It can now be stated definitively that Chargaff's second parity rule is, in general, violated across all major forms of life. Not only that, it is violated in a regular fashion, such that purine loading of mRNA increases with genome A+T content. Significantly, some organisms with very low A+T content (high G+C content) actually have pyrimidine-loaded mRNA, but they are in a small minority.

Purine loading is both common and extreme. For about 20% of organisms, the purine-pyrimidine ratio is above 1.2. For some organisms, the purine excess is more than 40%, which is striking indeed.

Why should purines migrate to one strand of DNA while pyrimidines line up on the other strand? One possibility is that it minimizes spontaneous self-annealing of separated strands into secondary structures. Unrestrained "kissing" of intrastrand regions during transcription might lead to deleterious excisions, inversions, or other events. Poly-purine runs would allow the formation of many loops but few stems; in general, secondary structures would be rare.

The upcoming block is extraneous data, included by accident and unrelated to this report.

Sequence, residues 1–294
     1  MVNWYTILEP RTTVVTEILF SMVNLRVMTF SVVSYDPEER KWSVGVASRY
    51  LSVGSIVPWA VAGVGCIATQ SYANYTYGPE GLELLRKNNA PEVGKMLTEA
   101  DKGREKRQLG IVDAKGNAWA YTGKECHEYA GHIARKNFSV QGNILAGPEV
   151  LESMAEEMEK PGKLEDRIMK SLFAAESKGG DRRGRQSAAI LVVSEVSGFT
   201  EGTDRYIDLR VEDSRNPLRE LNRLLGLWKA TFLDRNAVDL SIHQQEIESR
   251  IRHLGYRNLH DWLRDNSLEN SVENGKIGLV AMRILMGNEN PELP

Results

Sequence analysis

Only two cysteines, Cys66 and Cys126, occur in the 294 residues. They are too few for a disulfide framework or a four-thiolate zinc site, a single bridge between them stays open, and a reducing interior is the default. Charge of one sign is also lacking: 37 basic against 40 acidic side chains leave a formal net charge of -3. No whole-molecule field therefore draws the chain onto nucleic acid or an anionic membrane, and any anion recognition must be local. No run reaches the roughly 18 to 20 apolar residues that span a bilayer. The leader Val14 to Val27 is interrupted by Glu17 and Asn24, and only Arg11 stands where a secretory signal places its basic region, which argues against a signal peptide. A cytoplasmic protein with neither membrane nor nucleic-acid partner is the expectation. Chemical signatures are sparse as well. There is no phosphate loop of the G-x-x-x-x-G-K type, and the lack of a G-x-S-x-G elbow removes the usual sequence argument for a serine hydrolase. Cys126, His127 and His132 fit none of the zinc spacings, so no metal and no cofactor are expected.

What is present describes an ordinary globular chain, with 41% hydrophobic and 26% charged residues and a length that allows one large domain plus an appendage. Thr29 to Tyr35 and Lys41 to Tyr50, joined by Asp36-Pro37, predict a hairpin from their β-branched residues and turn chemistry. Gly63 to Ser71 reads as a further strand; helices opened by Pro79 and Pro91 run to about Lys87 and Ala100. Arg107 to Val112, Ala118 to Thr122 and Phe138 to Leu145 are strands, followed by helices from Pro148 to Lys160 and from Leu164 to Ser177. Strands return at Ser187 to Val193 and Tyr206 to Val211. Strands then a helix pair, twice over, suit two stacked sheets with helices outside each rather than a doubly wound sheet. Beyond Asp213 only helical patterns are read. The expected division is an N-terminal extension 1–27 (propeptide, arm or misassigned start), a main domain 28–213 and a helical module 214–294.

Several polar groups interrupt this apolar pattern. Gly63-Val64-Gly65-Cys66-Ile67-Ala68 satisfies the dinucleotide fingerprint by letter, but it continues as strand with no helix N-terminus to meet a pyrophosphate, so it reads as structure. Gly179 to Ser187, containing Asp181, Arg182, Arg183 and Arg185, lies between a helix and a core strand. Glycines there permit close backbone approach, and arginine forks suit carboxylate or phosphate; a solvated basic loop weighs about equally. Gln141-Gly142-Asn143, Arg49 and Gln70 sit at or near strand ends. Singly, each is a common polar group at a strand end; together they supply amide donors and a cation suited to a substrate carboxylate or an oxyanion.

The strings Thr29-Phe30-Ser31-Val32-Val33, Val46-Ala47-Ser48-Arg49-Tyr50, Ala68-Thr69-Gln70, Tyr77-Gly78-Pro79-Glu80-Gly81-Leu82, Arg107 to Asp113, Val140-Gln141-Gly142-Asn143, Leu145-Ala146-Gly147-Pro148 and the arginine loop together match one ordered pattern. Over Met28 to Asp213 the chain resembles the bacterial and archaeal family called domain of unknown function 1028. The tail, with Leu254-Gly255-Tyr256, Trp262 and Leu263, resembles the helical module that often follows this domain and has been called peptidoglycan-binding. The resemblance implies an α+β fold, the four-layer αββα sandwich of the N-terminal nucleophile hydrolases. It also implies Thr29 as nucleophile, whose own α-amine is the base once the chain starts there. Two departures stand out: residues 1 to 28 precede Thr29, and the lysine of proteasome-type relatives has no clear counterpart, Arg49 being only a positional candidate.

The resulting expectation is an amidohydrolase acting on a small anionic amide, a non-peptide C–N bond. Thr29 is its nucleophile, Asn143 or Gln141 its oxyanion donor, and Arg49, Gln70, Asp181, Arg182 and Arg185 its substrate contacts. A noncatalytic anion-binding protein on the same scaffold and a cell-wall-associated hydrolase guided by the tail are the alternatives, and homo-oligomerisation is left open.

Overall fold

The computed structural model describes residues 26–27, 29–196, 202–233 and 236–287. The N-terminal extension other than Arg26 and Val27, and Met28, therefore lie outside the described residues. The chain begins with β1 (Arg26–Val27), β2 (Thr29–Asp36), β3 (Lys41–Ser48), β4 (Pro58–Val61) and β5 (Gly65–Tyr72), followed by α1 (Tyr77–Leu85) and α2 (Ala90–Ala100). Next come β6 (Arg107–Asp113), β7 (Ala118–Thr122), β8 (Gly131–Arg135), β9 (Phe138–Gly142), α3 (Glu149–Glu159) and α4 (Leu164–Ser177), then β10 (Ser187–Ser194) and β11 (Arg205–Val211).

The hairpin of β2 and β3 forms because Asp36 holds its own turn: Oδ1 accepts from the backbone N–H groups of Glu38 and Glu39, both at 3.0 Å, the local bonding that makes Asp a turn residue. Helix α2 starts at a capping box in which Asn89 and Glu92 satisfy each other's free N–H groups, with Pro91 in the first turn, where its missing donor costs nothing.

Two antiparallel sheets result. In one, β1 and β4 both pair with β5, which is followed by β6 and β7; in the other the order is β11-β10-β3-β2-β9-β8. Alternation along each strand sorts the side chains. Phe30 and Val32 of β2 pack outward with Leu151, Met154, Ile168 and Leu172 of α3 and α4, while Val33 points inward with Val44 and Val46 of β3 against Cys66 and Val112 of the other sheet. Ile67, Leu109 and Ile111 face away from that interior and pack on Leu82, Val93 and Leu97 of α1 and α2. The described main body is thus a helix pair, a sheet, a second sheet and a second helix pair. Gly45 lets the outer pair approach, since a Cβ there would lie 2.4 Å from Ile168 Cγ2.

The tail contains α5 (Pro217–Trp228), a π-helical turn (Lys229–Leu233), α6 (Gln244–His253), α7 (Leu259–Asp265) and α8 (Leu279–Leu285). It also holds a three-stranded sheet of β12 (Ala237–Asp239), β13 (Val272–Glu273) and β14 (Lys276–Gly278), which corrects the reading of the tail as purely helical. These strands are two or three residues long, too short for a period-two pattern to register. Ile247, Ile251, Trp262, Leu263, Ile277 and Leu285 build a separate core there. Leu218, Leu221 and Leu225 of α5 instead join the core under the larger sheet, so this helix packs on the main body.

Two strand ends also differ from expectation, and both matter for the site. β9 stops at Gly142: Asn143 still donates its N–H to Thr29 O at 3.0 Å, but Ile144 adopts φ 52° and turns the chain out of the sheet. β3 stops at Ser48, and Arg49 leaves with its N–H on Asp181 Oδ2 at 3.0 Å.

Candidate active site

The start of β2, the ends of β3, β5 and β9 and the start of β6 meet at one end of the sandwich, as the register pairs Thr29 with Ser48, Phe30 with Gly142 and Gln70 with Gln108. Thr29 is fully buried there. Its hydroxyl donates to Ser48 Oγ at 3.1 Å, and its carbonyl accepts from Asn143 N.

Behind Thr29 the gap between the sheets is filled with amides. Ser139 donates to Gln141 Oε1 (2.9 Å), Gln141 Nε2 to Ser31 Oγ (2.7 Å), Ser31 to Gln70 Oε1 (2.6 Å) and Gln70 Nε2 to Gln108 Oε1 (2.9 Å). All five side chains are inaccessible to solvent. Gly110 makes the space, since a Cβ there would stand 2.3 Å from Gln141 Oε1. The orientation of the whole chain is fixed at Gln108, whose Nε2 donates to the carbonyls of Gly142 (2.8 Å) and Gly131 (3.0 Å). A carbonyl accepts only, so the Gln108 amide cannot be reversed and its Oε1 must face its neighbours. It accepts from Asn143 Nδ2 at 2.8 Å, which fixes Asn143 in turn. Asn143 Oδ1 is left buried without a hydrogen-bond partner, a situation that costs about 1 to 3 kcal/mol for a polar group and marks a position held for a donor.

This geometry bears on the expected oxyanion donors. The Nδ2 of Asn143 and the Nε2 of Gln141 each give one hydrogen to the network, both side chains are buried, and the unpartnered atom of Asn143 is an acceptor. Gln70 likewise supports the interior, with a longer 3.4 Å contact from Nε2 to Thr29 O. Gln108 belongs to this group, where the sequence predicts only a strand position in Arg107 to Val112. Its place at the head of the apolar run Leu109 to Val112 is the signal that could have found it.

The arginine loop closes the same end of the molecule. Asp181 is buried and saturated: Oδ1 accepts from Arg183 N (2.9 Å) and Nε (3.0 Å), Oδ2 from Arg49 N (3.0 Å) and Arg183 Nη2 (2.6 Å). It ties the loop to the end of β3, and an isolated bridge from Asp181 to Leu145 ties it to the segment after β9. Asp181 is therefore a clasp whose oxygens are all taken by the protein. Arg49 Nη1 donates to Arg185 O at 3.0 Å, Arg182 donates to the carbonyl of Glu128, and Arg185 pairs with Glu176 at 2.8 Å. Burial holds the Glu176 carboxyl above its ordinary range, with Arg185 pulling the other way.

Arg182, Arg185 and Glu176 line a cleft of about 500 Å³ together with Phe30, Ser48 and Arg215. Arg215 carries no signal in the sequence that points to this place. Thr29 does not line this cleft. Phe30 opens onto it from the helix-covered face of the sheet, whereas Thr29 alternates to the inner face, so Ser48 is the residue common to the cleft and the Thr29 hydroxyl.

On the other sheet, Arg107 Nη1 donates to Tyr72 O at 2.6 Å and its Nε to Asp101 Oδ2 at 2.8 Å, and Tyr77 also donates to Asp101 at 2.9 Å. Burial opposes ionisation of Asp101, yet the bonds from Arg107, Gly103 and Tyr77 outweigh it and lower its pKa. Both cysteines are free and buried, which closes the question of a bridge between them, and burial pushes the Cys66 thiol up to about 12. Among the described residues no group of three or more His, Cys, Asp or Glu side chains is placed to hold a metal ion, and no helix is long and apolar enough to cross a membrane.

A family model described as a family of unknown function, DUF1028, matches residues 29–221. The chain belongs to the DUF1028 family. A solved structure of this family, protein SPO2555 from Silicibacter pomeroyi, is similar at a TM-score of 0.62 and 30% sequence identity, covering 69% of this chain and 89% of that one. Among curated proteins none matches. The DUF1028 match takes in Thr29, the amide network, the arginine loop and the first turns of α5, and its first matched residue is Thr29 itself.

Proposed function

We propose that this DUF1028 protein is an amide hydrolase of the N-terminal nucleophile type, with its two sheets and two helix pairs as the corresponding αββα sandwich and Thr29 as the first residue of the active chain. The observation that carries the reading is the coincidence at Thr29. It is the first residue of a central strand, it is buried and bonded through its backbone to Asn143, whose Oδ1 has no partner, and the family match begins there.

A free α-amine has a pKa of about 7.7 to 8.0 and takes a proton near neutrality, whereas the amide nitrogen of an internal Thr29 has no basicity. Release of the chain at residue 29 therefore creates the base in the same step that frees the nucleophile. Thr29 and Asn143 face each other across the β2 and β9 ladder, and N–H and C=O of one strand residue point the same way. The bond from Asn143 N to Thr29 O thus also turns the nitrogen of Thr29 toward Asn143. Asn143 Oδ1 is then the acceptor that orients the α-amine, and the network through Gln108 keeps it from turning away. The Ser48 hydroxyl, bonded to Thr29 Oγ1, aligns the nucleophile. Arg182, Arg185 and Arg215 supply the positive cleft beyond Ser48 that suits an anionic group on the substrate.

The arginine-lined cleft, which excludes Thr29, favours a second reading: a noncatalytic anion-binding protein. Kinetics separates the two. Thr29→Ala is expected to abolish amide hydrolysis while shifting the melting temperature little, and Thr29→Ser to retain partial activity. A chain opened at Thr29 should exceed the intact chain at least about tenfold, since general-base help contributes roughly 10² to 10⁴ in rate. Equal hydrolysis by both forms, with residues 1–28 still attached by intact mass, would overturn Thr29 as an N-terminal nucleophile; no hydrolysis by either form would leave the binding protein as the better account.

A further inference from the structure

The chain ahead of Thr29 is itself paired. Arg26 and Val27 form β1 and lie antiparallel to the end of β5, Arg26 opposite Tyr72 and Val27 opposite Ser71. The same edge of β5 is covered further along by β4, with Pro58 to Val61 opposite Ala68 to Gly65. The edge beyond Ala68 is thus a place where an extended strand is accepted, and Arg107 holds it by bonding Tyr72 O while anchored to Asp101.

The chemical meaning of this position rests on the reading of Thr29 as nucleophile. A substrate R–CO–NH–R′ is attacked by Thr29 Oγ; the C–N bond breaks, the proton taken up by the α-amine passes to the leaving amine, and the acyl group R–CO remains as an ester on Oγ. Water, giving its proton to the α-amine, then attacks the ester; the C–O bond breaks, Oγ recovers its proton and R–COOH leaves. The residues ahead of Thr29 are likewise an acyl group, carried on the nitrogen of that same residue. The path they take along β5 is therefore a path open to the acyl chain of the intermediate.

The significance of purine loading remains to be elucidated. But in the meantime, there can be no doubt that purine enrichment of message strands is indeed widespread and strongly correlates to genome A+T content. Chargaff's second parity rule is invalid, except in a trivial minority of cases.

The prokaryotic organisms used in this study were presented in a table previously. The eukaryotic organisms are shown in the following table:

Organism Comment G+C% Purine ratio
Chlorella variabilis strain NC64A endosymbiont of Paramecium 68.76 1.1055181128896376